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Q: Module system and separate compilation
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Date: -- (:)
From: Wolfgang Lux <lux@h...>
Subject: Re: Q: Module system and separate compilation

> [Definition of module signature omitted]
> My goal is to use any module M that matches the signature Foo to build
> an implementation for Bar. This seems a good application for functors:
> 	module MakeBar(M: Foo) =
> 		(struct
> 		type t = M.t
> 		let one =
> 		let double x = M.add x x
> 	end : Bar)
> Now, suppose i have an implementation for Foo. For example:
> [Definition of Foo omitted]
> All i have to do build a Bar implemtation is to apply functor:
> 	module Bar = MakeBar(Foo)
> 	open Bar
> 	let two = double one
> If the previous (indented) phrases are written in the same file (eg:
> and compiled as a whole, the command
> 	cslc -i
> produces the following output:
> >module type Foo = sig type t val one : t val add : t -> t -> t end
> >module type Bar = sig type t val one : t val double : t -> t end
> >module MakeBar : functor(M : Foo) -> Bar
> >module Foo : sig type t = int val one : int val add : int -> int -> int end
> >module Bar : sig type t = MakeBar(Foo).t val one : t val double : t -> t end
> >val two : Bar.t
> That's fine (though i dont really understand why the type <t> in the last line
> is <MakeBar(Foo).t> and not simply <Bar.t>..)

This is because MakeBar(Foo).t provides more information about the
type t than simply Bar.t. If it simply were Bar.t, two following two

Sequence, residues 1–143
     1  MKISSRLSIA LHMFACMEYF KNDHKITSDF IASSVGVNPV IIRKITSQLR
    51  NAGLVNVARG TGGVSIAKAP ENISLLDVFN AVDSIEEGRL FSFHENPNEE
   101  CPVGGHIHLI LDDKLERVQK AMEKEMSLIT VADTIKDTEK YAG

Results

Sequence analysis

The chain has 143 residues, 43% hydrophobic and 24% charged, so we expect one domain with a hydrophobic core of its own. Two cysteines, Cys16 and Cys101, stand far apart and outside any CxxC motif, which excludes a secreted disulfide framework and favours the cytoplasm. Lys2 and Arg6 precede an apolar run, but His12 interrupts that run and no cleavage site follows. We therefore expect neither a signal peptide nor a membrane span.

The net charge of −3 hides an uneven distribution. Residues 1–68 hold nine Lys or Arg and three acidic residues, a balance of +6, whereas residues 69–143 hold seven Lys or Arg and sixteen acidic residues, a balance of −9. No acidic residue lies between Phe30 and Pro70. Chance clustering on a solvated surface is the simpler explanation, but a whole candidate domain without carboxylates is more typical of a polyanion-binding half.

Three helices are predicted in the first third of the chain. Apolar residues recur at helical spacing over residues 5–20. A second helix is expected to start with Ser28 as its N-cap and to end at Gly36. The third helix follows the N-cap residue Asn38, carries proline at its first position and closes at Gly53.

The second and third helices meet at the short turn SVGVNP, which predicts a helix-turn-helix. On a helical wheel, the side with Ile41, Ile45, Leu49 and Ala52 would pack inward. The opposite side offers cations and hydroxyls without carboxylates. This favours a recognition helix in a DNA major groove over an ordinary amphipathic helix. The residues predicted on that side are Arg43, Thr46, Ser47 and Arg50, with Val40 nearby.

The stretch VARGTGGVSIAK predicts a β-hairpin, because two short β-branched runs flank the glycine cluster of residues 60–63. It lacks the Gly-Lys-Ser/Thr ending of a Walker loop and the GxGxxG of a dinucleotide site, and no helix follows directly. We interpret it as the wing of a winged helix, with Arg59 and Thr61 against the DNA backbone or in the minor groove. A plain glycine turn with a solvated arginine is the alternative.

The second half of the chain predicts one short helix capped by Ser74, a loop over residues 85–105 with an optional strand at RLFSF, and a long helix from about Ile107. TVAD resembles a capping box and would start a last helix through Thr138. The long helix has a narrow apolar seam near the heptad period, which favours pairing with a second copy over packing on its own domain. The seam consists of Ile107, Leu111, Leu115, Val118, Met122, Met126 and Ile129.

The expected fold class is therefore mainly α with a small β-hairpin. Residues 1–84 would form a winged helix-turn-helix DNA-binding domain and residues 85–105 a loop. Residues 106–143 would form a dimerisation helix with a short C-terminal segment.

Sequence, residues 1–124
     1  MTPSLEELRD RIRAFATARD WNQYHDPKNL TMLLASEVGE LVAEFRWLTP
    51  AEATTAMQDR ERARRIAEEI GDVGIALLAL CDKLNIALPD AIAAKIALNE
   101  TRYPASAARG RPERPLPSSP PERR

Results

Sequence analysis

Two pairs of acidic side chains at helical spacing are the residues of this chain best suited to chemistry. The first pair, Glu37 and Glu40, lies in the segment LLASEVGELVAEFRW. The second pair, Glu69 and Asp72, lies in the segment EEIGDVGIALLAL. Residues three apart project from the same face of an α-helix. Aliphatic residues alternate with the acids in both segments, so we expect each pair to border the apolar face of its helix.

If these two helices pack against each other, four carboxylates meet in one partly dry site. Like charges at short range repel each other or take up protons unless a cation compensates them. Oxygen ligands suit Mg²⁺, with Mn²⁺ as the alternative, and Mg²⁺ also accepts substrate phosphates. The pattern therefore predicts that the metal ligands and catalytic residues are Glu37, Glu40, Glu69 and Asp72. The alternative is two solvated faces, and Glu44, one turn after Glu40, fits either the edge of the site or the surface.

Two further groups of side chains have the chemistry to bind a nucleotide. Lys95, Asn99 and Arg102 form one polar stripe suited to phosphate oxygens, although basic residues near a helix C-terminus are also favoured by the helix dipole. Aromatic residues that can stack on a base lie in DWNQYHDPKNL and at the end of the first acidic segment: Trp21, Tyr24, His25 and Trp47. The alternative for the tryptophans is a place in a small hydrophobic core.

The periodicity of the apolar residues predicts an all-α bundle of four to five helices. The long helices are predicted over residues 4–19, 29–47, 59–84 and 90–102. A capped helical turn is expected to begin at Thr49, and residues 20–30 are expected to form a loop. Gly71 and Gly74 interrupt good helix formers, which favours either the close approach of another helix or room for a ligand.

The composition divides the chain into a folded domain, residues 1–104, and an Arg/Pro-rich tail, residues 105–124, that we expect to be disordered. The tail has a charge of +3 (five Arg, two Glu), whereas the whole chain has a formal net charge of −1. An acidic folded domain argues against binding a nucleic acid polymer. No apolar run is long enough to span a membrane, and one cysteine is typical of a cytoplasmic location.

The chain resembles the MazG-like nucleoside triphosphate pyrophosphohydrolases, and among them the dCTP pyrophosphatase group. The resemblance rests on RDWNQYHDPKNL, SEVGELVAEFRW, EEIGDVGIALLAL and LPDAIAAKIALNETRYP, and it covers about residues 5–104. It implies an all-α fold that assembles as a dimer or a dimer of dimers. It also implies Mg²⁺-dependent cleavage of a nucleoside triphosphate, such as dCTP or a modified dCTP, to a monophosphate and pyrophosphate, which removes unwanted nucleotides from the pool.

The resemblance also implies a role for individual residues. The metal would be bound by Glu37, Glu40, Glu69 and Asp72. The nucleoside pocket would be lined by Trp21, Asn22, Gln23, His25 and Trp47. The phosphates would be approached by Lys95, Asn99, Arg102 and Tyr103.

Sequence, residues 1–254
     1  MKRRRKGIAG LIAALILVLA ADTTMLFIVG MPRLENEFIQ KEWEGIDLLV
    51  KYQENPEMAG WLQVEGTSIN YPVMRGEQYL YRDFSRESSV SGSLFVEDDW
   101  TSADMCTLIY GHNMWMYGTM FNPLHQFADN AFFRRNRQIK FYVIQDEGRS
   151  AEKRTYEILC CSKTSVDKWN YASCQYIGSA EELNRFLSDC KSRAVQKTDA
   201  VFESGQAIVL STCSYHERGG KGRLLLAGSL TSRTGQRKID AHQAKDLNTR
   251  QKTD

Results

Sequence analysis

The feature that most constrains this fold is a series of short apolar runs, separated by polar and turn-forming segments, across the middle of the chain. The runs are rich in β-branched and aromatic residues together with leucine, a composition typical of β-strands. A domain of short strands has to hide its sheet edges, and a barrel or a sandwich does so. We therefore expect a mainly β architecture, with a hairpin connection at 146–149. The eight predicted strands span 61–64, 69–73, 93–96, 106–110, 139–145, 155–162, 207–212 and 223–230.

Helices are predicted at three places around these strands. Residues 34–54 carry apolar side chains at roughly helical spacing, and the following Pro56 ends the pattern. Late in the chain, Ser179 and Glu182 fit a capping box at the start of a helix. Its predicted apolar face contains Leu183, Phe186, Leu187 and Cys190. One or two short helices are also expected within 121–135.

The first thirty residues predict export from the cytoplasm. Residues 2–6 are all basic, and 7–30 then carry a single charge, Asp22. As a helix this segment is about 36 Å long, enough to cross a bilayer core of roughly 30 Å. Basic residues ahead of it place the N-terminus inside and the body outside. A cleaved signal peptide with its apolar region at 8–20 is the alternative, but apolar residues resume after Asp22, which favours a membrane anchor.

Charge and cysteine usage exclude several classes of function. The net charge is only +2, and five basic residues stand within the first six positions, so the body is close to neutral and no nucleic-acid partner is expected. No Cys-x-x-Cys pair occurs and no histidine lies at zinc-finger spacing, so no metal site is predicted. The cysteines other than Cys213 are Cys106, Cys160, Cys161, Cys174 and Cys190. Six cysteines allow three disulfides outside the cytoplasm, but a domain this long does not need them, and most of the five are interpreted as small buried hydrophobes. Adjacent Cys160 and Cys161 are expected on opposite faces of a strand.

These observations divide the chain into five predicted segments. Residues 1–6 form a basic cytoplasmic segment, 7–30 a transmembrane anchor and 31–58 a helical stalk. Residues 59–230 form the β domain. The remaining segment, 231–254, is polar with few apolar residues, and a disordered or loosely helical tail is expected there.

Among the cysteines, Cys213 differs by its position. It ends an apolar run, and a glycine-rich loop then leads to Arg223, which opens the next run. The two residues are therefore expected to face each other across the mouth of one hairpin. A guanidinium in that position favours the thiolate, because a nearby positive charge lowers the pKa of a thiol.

functor applications would yield incompatible types:

    Bar = MakeBar(Foo).t
    Bar' = MakeBar(Foo).t

i.e, the types Bar.t and Bar'.t would be incompatible. But the type
MakeBar(Foo).t gives you enough information to see that the type
result from the same functor application and CSL will regard them as
compatible types. If you are interested in details, I would recommend
reading X.Leroy papers "Manifest types, modules, and separate
compilation" and "Applicative Functors and Higher Order Modules",
which describe the ideas behind CSL's modules (but in the context of
SML structures). They are available as:

> Now, the pb is that in general both Foo and Bar signatures (as well as 
> MakeBar functor definition) may be large and i want to put them in
> separate files, that is:
> [Obvious contents omitted :-)]
> all these files compiles (cslc[i]) and produce corresponding .cmi and
> .cmo files.
> Now, i suppose i have to put MakeBar def in the "" file:
> 	module MakeBar(M: Foo) = (struct
> 		type t = M.t
> 		let one =
> 		let double x = M.add x x
> 	end : Bar)
> [ Remaining redefinition deleted]

What are defining here is not the module MakeBar, but a module


i.e. a nested module!

> "A compilation unit behaves roughly as the module definition
> 	module unit-name : sig unit-interface end = struct unit-implementation end"
> Am i missing sth important, or even misusing the module system ?..

So what you are actually going to write into is the following:

    type t = Foo.t
    let one =
    let double x = M.add x x

This will yield a structure that matches the signature defined in

Now you say: "I have defined a functor and you give me a structure".
But wait the functor is still there; but it is now hidden in the

If you read on in the section about compilation units, it says that
the module expression will be evaluated in an initial environment
where all the interfaces available in the search path are defined. You
could read this as well as follows: The implementation file is the
body of a functor, whose parameters are all the modules available in
the search path, i.e. given the interfaces Bar, Foobar, etc. are in
the search path, the compilation unit Foo is interpreted as:

    module Foo(Bar : Bar)(Foobar : Foobar)... :
      sig <contents of foo.mli> end =
      struct <contents of> end

Seen that way functor application will take place when the program is
linked together from the separatly compiled modules.


Wolfgang Lux
WZH Heidelberg, IBM Germany             Internet:
+49-6221-59-4546                        VNET:     LUX at HEIDELBG
+49-6221-59-3500 (fax)	                EARN:     LUX at DHDIBMIP